The digital healthcare revolution has taken the country by storm – an exciting new area, where opportunities abound for commercial agents. This rapid growth, was fueled by a combination of changing lifestyle trends, technological advancements and a shortfall in healthcare professionals. And digital healthcare has delivered – from remote consultations and patient monitoring, to electronic health records and health information exchange (HIE). But there is a dark side to this revolution – The potential for a corresponding explosion in malpractice claims.
This rapid growth of technology within healthcare has introduced new dimensions of professional liability that are as yet uncertain and unregulated. From misdiagnosis due to the limitations of examination by webcam, to the potential hacking of online medical monitoring systems, the vulnerabilities are numerous and unsettling.
When this is combined with the insatiable American appetite for litigation and the increasing severity of claims, it opens a Pandora’s box of potential liabilities — and uncertain E&O exposure to commercial agents.
The Promise of Convenience vs. The Risk of Misdiagnosis
Telehealth consultations have certainly made it easier for patients to seek medical advice, especially when they’re unable to travel or in remote locations
They have also helped alleviate wait times brought about by staff shortages in the industry. However, there are still questions about the quality of care provided remotely.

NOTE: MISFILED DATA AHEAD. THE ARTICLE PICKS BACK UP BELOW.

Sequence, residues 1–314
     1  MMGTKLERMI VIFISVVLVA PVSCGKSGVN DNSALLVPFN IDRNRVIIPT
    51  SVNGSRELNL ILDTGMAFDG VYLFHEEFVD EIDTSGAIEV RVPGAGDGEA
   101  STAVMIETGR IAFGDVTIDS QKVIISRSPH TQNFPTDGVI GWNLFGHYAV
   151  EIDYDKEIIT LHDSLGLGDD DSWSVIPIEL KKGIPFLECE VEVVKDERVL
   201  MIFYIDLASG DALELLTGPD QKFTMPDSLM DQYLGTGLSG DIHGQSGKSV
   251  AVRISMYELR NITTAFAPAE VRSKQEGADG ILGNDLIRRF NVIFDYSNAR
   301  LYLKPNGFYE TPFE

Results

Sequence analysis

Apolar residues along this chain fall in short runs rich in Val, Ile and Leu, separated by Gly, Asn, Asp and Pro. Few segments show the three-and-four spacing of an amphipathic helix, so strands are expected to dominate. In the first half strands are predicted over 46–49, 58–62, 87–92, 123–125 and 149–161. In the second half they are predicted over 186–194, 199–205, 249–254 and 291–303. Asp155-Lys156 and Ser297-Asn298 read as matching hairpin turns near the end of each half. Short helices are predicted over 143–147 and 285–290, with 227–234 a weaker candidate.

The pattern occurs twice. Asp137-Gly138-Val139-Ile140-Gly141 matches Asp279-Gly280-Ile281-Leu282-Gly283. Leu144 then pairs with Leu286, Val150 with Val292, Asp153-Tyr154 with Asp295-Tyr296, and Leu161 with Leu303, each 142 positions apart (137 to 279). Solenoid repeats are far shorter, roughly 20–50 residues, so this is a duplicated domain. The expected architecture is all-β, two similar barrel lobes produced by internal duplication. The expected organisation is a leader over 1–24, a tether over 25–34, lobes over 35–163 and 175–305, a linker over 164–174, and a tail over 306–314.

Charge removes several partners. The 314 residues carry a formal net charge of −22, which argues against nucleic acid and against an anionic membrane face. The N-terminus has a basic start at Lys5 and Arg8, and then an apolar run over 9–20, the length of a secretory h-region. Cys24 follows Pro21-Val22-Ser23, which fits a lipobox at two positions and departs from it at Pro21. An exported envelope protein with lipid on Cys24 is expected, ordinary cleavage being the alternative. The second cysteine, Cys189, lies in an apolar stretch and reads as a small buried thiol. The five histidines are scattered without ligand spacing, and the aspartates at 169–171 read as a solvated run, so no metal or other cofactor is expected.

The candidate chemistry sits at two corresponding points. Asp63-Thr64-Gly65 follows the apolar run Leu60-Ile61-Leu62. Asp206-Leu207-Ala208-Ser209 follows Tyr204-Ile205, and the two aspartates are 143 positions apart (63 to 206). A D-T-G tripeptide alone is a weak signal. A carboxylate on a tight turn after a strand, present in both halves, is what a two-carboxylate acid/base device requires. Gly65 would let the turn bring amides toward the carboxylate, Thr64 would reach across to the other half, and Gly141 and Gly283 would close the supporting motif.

Real-World Case: Webcam Diagnosis Leads to Wrong Treatment
In one real-world example, a New Jersey patient was prescribed antibiotics via a telehealth consultation for what the physician presumed to be a bacterial skin infection. Weeks later, the problem persisted and was correctly identified as a fungal infection through an in-person visit, delaying proper treatment.
A 2019 study published in JAMA Dermatology, for instance, found that teledermatology misdiagnosed certain skin conditions 17.6% of the time compared to in-person consultations.This rate is unlikely to have changed since then, as image quality limitations, combined with the inability of patients to properly photograph liaisons remains the major hurdle.
Data Integrity and Online Medical Monitoring
The convenience of remote patient monitoring with Internet of Things devices can’t be overstated, but this comes with a whole new set of cybersecurity vulnerabilities. Medical devices like pacemakers, insulin pumps, and continuous glucose monitors can be accessed remotely for real-time data, but this also opens up the possibility of hacking. Ransomware cases take on a whole new level of urgency when the lives of patients attached to the hacked monitoring devices are at stake.
Real-World Case: Hospital Sued Over Pacemaker Data Breach